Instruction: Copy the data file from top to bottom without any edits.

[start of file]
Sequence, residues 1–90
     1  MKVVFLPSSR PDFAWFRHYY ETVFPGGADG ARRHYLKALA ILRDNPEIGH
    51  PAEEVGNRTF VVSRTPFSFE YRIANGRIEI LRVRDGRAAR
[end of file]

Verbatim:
Sequence, residues 1–90
     1  MKVVFLPSSR PDFAWFRHYY ETVFPGGADG ARRHYLKALA ILRDNPEIGH
    51  PAEEVGNRTF VVSRTPFSFE YRIANGRIEI LRVRDGRAAR